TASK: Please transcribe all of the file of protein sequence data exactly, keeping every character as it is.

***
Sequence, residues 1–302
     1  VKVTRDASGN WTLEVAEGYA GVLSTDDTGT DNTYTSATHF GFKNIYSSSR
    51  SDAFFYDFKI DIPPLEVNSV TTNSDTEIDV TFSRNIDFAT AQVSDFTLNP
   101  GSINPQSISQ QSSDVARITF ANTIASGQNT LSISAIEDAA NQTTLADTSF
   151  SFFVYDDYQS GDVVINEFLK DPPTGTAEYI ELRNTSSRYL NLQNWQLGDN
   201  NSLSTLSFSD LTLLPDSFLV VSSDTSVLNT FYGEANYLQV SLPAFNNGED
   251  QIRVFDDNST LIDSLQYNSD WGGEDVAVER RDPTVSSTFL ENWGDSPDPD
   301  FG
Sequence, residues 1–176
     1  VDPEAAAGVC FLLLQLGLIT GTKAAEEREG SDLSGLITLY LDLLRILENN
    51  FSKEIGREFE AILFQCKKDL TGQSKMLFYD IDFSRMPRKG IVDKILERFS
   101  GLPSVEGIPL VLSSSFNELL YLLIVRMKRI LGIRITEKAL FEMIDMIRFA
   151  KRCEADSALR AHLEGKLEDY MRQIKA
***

Sequence, residues 1–302
     1  VKVTRDASGN WTLEVAEGYA GVLSTDDTGT DNTYTSATHF GFKNIYSSSR
    51  SDAFFYDFKI DIPPLEVNSV TTNSDTEIDV TFSRNIDFAT AQVSDFTLNP
   101  GSINPQSISQ QSSDVARITF ANTIASGQNT LSISAIEDAA NQTTLADTSF
   151  SFFVYDDYQS GDVVINEFLK DPPTGTAEYI ELRNTSSRYL NLQNWQLGDN
   201  NSLSTLSFSD LTLLPDSFLV VSSDTSVLNT FYGEANYLQV SLPAFNNGED
   251  QIRVFDDNST LIDSLQYNSD WGGEDVAVER RDPTVSSTFL ENWGDSPDPD
   301  FG
Sequence, residues 1–176
     1  VDPEAAAGVC FLLLQLGLIT GTKAAEEREG SDLSGLITLY LDLLRILENN
    51  FSKEIGREFE AILFQCKKDL TGQSKMLFYD IDFSRMPRKG IVDKILERFS
   101  GLPSVEGIPL VLSSSFNELL YLLIVRMKRI LGIRITEKAL FEMIDMIRFA
   151  KRCEADSALR AHLEGKLEDY MRQIKA